What Is A Water Spider At Amazon?

The Secret Lives of Amazon’s Elves

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If Amazon is Santa, 400 folks living in RVs outside the Coffeyville, Kansas fulfillment center this winter are the elves.

A few years back Chris Dunphy and Cherie Ve Ard flipped the bird to their desk jobs, packed their belongings in a custom 17-foot solar-powered fiberglass camper, and hit the road to live «at the intersection of Epic and Awesome.» A couple months ago, while staying with friends, they noticed that Amazon was luring RVers to Coffeyville, Kansas, the site of the retail giant’s original and largest fulfillment center.

«We were located in San Diego at the time,» explained Cherie. «We’re part of a community of younger full-time RVers on Nurvers.com , a group of non-retired-age folks who are living the mobile lifestyle and kind of going outside the norms of ‘Wait for retirement to travel.'» They noticed other RVers were flocking to Kansas to work for Amazon. The pay wasn’t great—just above $10-an-hour, typically—but Chris and Cherie were planning on being in St. Louis for the holidays. Why not kill a month in Kansas working for Amazon?

Fast forward a couple of weeks, and the self-styled «technomads» were putting down stakes at a state park about 20 miles from the four enormous but dull warehouses that comprise the Coffeyville hub.

Their first day inside, Chris was awed. «Walking inside reminded me of the scene from Indiana Jones when they abandon the Ark in that giant warehouse. It’s three stories high. It feels like an industrial library. Shelves going up and up and up.» Hundreds of employees scurried, some «orange-badges» or «green-badges» hired by two temporary employment services mixed with the sought-after blue-badges of full-time Amazon employees, guided to their next destination by computers that flashed lights when bins were full or guided workers through the maze with handheld computers. «Pickers are basically playing a human Pac-Man game. They’ve got a computer scanner that they carry around that tells them where to go. They find their little shelf. One slot might be a book. The next shelf over might be a toaster. Or an iPod. The next slot after that might be a pair of jeans.»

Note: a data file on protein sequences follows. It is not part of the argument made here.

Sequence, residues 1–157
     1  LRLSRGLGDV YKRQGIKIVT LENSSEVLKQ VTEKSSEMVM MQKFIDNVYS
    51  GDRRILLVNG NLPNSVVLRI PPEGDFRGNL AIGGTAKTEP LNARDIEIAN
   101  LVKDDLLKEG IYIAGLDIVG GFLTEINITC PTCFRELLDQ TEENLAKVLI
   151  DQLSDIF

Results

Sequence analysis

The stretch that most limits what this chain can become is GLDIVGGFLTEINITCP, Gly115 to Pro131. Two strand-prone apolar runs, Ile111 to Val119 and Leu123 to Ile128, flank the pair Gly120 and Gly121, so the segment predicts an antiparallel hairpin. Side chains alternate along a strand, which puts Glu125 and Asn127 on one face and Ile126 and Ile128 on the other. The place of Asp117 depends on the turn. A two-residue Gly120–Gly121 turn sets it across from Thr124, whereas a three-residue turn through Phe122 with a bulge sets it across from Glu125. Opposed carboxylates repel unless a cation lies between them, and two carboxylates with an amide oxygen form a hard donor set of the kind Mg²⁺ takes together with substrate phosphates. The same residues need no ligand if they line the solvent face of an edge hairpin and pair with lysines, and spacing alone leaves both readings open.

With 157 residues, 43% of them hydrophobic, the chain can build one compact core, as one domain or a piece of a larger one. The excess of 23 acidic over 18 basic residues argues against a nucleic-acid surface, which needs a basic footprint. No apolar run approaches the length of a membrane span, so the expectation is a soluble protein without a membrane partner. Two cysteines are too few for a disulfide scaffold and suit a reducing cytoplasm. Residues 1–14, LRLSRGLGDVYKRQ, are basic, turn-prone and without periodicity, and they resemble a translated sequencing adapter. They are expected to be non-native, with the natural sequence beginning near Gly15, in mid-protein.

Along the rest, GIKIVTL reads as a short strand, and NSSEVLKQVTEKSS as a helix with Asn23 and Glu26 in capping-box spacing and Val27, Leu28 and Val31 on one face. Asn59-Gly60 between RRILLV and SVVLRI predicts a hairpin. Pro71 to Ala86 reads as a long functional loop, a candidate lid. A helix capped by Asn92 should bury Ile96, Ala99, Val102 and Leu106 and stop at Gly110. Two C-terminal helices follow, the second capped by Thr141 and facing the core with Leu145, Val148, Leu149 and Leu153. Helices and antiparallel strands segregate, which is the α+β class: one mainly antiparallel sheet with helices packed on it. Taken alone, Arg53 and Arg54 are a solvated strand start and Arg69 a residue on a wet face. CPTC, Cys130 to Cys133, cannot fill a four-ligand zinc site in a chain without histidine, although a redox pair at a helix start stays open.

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Amazon didn’t always lure in «workcampers» from the RV community.

«From what the agency people had told us, Amazon had a bad experience busing in people from Tulsa,» says Chris. «There was a lot of theft and a lot of people who weren’t really serious about the job.»

Workers from Tulsa were adding a 4-hour round-trip commute to an already grueling 10-to-12 hour shift, Cherie is quick to add. «They’d get there exhausted.»

Enter the workcampers, people making a go at living in their RVs full time—many of whom might be otherwise overqualified. «I think Amazon was skeptical at first,» says Cherie. «But after the first trial year they were very, very impressed. Workcampers came in enthusiastic about working, since most are professionals. We’ve owned businesses or been managers.» White collar workers, trying their hand at the gypsy life. Even better, the workcampers were able to stay locally.

Not all of the camps provided for the workcampers were exactly inviting.

Chris and Cherie pulled into the one just before Thanksgiving, but could tell it wouldn’t make for a pleasant stay. «The closest one was a city park called Walter Johnson. RVs were very close together. Half the campsites had full hookups, which meant they had water, electricity, and sewer dump on-site. Half the sites just had electricity and water and they had what they call a ‘Honey Wagon’ that comes around and pumps your sewage out a few times a week.» Some RVers had been in Coffeyville since August.

Worse, it was cramped and muddy. «Coffeyville also had a flood three years ago, so it was very, very wet and muddy because the area had been washed out, then rained on recently.» They eventually moved on to a state park, which was lovely, but also four times farther away. They rarely had time to enjoy the scenery.